Microsoft

Slideshow: Use VHD to dual boot Windows 7 and 8

I'll use an external hard disk to create my system image

In my last blog post, Dual-boot Windows 7 and Windows 8, I showed you how to configure your Windows 7 system to dual-boot Windows 8 from a partition on your existing Windows 7 hard disk. You can use that technique in all versions of Windows 7. However, if you have Windows 7 Ultimate or Windows 7 Enterprise, which provide the Boot from VHD (Virtual Hard Disk) feature, you can install Windows 8 on a VHD.

In this edition of the Windows Desktop Report, I'll show you how to prepare and configure your Windows 7 system to dual-boot Windows 8 from a VHD. While I'll be using the Windows 8 Release Preview for this article, I've heard that the procedure should be very similar with the actual release version. Even so, I'll revisit this topic in the near future once Windows 8 is available to the general public.

This slideshow is also available as a post in the Windows and Office Blog.

Prerequisite

For this article, I'm going to assume that you have already visited the Windows 8 Release Preview site and followed Microsoft's instructions for downloading and converting the ISO file to a DVD in Windows 7. If you haven't, you should do so before you get started with this article. The process is pretty straightforward and Microsoft has documented the steps you need to follow.

Creating a System Image

The first thing that you'll want to do is create a System Image from within Windows7's Backup and Restore. When you do, you'll end up with a complete image of your hard disk. That way, if anything out of the ordinary were to occur as you follow the steps for creating a dual-boot system, you will be able to return to your current configuration. Furthermore, I recommend that you also create a separate backup of your data. Maybe just make copies of all your data files on CD/DVD or on an external hard disk. While it may sound like overkill, having an extra backup will give you peace of mind.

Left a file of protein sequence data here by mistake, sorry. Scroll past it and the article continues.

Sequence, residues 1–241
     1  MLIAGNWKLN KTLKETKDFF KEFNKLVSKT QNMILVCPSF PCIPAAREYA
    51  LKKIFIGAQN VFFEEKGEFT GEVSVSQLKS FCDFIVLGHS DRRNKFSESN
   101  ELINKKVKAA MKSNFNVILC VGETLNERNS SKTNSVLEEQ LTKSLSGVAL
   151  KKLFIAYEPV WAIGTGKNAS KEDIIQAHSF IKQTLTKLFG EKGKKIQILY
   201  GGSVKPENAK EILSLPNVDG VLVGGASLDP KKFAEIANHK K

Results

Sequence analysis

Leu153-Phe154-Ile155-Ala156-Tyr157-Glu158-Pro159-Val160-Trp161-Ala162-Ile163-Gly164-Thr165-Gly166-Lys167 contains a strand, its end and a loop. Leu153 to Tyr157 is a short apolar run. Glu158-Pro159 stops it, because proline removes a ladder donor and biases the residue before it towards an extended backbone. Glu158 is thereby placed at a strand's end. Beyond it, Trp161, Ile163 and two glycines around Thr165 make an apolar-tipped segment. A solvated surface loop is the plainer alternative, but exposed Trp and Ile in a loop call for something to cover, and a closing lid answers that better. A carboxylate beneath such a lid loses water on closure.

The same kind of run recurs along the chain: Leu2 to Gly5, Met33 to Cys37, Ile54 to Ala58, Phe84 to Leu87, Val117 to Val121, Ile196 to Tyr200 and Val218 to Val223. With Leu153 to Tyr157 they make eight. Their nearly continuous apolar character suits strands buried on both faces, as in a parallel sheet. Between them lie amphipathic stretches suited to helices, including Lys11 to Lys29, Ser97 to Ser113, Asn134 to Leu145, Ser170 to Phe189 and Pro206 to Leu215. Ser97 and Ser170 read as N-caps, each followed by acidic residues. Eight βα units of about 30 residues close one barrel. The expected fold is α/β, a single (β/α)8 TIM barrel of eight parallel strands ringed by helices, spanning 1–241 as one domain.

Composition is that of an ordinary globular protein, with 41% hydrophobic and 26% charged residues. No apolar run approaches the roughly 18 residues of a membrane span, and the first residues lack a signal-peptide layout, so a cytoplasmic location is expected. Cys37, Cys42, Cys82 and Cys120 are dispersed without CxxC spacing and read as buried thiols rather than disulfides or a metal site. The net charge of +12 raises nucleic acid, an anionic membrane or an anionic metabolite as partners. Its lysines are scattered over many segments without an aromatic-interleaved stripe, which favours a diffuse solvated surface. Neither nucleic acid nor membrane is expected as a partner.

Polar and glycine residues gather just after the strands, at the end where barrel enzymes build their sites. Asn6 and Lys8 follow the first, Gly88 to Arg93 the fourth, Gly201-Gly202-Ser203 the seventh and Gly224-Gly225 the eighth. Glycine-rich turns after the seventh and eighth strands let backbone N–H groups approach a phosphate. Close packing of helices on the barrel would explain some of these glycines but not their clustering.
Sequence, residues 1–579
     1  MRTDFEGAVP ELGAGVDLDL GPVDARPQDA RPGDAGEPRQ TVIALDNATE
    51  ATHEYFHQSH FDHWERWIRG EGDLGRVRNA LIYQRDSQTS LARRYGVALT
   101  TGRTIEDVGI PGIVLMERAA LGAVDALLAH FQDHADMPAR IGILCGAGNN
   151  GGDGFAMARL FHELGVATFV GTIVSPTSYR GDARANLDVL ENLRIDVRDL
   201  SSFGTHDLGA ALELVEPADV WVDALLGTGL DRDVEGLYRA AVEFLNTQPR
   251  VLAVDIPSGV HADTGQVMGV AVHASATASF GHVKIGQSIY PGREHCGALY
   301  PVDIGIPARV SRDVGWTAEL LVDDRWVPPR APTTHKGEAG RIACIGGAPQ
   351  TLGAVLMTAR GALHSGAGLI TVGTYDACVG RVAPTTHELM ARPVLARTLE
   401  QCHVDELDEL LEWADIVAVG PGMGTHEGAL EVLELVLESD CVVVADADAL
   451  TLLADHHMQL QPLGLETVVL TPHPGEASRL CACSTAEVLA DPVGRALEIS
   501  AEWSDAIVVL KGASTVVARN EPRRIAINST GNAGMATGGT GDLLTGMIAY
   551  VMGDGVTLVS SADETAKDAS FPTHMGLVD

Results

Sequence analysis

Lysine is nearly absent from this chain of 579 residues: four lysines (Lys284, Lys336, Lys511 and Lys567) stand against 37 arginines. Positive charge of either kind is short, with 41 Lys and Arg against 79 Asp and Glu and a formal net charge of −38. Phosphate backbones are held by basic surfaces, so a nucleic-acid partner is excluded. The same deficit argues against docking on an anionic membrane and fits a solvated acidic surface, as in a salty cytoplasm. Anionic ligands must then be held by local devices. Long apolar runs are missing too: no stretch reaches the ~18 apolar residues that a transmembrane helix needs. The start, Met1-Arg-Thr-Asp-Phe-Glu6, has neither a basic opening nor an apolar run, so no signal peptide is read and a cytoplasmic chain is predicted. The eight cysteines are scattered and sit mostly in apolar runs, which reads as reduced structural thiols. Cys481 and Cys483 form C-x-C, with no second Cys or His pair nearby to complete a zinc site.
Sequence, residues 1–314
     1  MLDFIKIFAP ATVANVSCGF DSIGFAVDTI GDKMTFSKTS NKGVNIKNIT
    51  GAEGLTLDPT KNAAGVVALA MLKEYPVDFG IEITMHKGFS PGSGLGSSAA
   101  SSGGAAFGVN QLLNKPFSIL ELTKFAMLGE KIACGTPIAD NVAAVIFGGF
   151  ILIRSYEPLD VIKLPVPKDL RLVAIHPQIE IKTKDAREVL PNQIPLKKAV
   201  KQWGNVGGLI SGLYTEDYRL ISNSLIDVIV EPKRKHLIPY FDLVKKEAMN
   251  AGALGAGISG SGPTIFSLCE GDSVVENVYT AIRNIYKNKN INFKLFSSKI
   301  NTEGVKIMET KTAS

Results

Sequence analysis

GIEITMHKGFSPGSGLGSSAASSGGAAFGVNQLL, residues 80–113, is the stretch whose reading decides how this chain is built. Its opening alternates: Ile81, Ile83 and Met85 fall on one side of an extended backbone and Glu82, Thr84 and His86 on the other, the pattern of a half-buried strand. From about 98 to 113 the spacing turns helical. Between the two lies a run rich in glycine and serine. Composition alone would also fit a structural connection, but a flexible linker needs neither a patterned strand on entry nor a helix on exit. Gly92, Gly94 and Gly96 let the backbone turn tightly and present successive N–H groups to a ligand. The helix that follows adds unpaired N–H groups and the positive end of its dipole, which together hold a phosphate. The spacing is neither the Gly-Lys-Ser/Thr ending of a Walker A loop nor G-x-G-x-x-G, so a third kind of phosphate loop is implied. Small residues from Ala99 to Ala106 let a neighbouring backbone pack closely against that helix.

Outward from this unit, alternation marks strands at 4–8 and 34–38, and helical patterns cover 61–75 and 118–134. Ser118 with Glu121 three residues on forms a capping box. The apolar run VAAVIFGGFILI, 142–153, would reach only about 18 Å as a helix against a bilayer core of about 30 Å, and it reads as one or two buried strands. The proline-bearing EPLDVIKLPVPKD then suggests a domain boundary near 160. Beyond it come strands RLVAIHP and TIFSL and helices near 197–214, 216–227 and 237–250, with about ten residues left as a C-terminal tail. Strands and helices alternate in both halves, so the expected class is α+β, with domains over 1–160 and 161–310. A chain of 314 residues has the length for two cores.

To create a system image, you'll need to have a CD-RW/DVD-RW drive, an external hard disk, or access to a network drive. To access Backup and Restore, click the Start button, type Backup in the Search box, and press [Enter] when Backup and Restore appears in the result pane.

Once you have Backup and Restore up, select the Create a System Image option and choose your backup location. As you can see, I used an external hard disk attached to this system.

Credit: All images created by Greg Shultz for TechRepublic.

About

Greg Shultz is a freelance Technical Writer. Previously, he has worked as Documentation Specialist in the software industry, a Technical Support Specialist in educational industry, and a Technical Journalist in the computer publishing industry.